north korea

Is it Safe in South Korea on worldirish.com

I was asked to write an op-ed by worldirish.com, a news website from Ireland which connects stories and activities of Irish interest from around the world, about the ongoing crisis between South Korea and North Korea. Most importantly, they were interested in the situation here and the international media’s response.

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The line which divides North and South Korea at Panmounjeom.

While I believe I carry the same opinion as many expats, and even experts here, my biggest concern at the moment is that I am not wrong about what I wrote. I wouldn’t be alone in this regard.

Here’s the article:


An Origin of Korean Discontent

A thought struck me as I was taking a shower before work this morning. With the renewal of tension along the North-South Korean border it’s a sharp reminder of the results of history, and what we’re looking at here, could be considered as one of the final plays in the game of the Great Powers. It, like so many skirmishes before, is taking place in a distant field which effects the lives of people so far away they don’t even look real. Well as one of these people I can assure you that it’s quite real.

Since Korea opened up to outside influence in the late nineteenth century, much like many other small kingdoms, was turned into a pawn in the chessboard of empire building. This process set Korea up to be misused and abused by forces outside their control, and today we are experiencing the continued results of this.


Queer Links from the Week

LTW - Sex, Bribes, & Video, Flexed Stealth Muscle, & Asia FTA


1. National
1) U.S. flexes muscles while Kim Jongun still opens his big mouth
Cold and warm in Korean peninsula at the same time. Cold because the U.S. flew two B-52 Bombers from Guam, and another B-2 Stealth Bomber from Missouri to South Korea to scare the hell out of Kim Jongun while Pyongyang Central Broadcasting Station said ‘Supreme leader’ Kim Jongun ratified a strike plan against the U.S. mainland (Austin, Texas), American bases in Guam, Hawaii, and  South Korea.  Warm because North Korea still allows free flow of South Koreans in and out of Kaesong Industrial Zone north of DMZ where 123 South Korean companies are hiring 53,000 North Korean workers, and North Korea’s General Bureau of Tourism is telling Chinese tour operators, “Don’t worry. There will be no war in Korean peninsula. Send more tourists” Analysts think Kim’s vicious rhetoric against the U.S. and South Korea is rather toward North Koreans to reinforce his position in North Korea.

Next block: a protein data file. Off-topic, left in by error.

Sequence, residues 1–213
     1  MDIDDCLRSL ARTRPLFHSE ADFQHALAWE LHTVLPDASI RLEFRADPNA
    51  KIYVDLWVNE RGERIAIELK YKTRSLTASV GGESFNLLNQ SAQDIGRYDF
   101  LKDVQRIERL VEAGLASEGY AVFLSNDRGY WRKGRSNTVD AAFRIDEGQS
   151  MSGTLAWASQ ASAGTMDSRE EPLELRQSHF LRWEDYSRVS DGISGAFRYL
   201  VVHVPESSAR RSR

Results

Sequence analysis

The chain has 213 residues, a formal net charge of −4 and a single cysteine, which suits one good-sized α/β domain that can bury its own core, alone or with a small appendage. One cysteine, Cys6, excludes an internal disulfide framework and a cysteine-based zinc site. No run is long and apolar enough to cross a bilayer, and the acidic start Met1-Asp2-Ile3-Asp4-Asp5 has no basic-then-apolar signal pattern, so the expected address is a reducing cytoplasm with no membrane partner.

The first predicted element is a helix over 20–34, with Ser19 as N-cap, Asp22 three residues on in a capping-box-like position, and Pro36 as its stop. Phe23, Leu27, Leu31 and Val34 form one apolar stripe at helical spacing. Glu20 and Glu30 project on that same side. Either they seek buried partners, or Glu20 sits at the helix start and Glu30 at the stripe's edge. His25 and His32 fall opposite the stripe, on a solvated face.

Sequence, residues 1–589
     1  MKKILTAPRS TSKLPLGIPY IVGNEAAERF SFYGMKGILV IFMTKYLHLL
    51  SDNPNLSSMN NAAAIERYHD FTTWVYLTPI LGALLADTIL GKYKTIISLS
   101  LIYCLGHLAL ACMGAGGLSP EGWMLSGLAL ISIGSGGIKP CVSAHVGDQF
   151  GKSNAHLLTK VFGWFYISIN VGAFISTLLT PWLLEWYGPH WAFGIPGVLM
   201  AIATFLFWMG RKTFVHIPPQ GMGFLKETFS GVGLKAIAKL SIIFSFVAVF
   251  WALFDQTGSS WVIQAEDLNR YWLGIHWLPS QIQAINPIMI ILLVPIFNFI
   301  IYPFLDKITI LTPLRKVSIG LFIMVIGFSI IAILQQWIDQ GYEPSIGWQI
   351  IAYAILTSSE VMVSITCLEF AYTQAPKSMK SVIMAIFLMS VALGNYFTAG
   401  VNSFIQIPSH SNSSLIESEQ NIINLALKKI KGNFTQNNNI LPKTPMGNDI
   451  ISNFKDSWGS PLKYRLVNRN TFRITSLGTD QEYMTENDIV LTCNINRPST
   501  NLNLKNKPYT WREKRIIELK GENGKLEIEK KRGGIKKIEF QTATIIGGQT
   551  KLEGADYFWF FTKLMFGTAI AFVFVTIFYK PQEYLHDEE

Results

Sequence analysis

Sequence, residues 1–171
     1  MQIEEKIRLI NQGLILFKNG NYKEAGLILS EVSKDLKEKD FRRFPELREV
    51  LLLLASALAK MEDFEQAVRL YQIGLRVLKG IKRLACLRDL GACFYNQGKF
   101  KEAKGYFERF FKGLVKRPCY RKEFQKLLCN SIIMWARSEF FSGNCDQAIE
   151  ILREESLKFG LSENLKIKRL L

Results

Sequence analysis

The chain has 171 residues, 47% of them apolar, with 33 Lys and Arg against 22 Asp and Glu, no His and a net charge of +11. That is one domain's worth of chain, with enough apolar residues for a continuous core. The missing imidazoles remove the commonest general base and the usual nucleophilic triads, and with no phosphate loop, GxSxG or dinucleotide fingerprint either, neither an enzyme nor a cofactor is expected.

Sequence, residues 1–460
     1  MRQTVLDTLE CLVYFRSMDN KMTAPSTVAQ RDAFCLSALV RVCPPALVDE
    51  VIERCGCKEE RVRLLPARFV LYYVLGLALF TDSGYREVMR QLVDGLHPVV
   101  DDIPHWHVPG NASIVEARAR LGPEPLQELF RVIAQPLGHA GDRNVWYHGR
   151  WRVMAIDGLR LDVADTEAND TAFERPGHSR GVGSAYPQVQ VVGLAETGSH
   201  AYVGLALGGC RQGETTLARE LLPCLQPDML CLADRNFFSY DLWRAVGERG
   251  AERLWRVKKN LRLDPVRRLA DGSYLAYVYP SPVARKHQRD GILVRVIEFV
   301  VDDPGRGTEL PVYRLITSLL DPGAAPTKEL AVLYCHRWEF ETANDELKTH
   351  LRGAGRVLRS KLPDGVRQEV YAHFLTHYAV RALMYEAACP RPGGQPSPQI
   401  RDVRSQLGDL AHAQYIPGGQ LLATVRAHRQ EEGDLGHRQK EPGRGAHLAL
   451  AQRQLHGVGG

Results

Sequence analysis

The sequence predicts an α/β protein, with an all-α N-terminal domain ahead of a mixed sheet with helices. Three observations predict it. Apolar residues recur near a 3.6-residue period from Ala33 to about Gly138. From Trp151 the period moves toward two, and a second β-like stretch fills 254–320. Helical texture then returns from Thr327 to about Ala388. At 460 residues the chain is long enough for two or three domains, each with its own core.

When To Panic About North Korea

It really is all bluster. Both Choe Sang-hoon of the New York Times and Ask A Korean have reached the same conclusion: so long as the Kaesong Industrial Plant stays open, war would appear to be unlikely.


Queer Links from the Week 2/22~2/29

The China Variable in the North Korean Conflict

Lately it seems like everywhere you look you're faced with a new story about North Korea's latest antics.  They just can't seem to put a top on it.  Now as things are heating up at the border of North and South Korea, many questions are coming to head.  What is going to happen?  Can North Korea back up their threats?  How are they allowed to act this way in this day and age, in that region of the world?  It's just crazy.

President Park

Yesterday in class I suggested that my students say “What do you think of…” instead of “Howabout…?”, since the latter is a pseudo-Konglish-y phrase thrown around all the time by even the most advanced learners as a segue from one topic into another—”Howabout Ameleekano?” was the inspirational disaster hurled my way in a fascinating discussion of coffee preferences (“Why do you like it?” “It is very delicious.”)—and as a more interesting example and possible kindler of more fruitful conversations I said the students could ask each other what they thought of Park Geun-hye, the new president of South Korea and the daughter of the dictator and (more-or-less) founder of the country, Mr. Controversy, Park Chung-hee. There was at once a collective gasp from the entire classroom. Eighteen students gaped their mouths and eyes: I had committed some sort of faux pas.


What To Do If The Second Korean War Starts?


Are South Koreans Afraid of North Korea?

Since I've been in Korea, the tension between the two "countries" has intensified.  Most recently, the threats and general language from the North has become more threatening and heated.  You're likely aware of it.

Being that I live in Korea now, and not the safe, protected haven of the United States, I'd be lying if I said I haven't felt concerned on a few occasions.  But being an American who gets information from western media outlets, I thought it would be a good idea to find out from South Koreans what their take is on the whole situation.  After all, it IS their country and they have the real pulse on things and will understand perspectives that we as foreigners generally won't.

So I started asking natives what their takes were - coworkers, friends, acquaintances, etc.  I was surprised by their reaction.  In this vlog I talk about what some of the perceptions are from natives of the peninsula.

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